By Trent W. Maurer and Emily Cabay
Many students enter postsecondary education without effective study skills. What can instructors do to teach and to help motivate students to learn new study techniques? These are some of the questions we hoped to answer in this study. Changes in educational rigor from secondary school to postsecondary education frequently require changes in time spent studying and the cognitive effort involved for students at our institution. This project explored the efficacy of teaching students the successive relearning study strategy (a combination of retrieval practice and spaced practice) to prepare for course examinations.
As a professor and undergraduate student team, we were interested in exploring the impact of this intervention on student study skills. If an instructor walked students through an in-class example of the successive relearning method, and it was successful for them in a classroom demonstration, would they adopt the strategy to prepare for course examinations and why or why not? In our experience, students at our institution frequently complain about not knowing how to study for specific kinds of exams; however, instructors rarely provide students with explicit instructions about how to study for exams. What would happen if we did?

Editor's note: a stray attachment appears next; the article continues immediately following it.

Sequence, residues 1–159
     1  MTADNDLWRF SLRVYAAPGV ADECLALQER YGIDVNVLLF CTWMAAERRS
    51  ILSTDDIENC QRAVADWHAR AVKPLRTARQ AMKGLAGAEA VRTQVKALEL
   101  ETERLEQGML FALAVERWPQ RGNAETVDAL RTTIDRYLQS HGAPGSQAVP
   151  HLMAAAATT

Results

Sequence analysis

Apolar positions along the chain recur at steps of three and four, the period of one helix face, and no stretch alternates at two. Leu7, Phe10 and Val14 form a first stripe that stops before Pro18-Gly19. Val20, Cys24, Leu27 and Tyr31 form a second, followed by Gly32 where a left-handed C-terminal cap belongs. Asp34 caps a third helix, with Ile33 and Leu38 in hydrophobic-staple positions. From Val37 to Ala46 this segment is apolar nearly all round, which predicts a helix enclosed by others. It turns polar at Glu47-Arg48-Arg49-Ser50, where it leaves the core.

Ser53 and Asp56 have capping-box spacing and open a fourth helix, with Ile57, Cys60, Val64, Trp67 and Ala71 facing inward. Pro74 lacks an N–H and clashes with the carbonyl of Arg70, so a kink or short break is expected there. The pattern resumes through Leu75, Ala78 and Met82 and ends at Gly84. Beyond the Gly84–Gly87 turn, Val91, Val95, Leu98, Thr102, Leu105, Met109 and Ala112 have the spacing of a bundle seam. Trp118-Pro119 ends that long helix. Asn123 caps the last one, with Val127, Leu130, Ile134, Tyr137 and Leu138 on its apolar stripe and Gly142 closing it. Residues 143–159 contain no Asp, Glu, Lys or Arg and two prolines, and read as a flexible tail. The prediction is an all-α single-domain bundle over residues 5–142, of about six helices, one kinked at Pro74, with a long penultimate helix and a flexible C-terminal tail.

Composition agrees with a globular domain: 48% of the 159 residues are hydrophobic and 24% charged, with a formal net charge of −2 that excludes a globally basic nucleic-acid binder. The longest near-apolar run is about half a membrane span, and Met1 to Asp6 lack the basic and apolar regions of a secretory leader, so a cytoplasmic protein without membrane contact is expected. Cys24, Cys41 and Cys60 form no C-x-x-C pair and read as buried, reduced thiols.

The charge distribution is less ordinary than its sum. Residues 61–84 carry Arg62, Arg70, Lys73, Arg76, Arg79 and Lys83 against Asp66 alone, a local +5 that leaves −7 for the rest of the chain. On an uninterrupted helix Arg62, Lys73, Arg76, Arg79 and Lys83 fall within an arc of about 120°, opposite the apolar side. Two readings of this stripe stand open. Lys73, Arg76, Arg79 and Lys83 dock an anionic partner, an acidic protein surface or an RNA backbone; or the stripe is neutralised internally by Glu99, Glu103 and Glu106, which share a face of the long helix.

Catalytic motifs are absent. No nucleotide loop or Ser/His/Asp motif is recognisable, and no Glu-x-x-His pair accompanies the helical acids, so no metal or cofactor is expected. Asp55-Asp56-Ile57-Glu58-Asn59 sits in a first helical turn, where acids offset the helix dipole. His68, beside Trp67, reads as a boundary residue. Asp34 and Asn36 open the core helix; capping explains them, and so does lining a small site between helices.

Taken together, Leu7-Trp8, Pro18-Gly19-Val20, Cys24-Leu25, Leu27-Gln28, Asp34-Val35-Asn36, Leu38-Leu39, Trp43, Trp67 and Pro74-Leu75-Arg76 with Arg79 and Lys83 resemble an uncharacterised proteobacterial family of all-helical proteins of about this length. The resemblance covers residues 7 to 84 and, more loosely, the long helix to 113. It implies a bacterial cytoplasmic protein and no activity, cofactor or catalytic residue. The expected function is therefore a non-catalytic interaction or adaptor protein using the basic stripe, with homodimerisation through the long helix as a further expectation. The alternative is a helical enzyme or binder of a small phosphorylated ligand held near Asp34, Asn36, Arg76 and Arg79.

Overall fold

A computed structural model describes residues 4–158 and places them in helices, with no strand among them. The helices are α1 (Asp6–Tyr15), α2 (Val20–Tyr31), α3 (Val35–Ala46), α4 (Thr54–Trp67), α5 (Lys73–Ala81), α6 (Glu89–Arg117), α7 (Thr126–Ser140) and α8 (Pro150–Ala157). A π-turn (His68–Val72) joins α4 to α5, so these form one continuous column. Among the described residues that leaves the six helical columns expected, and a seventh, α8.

Our results revealed that although the intervention was effective in improving students’ demonstrated level of mastery of a core course concept in the classroom demonstration, many students reported difficulty in independently adopting it for use outside of class. Students identified issues with time management as the most frequent barrier for adopting these practices, consistent with prior research. Many students also reported that they believed that their existing study strategies were sufficient, even if they could be improved.
Find the TLI article here.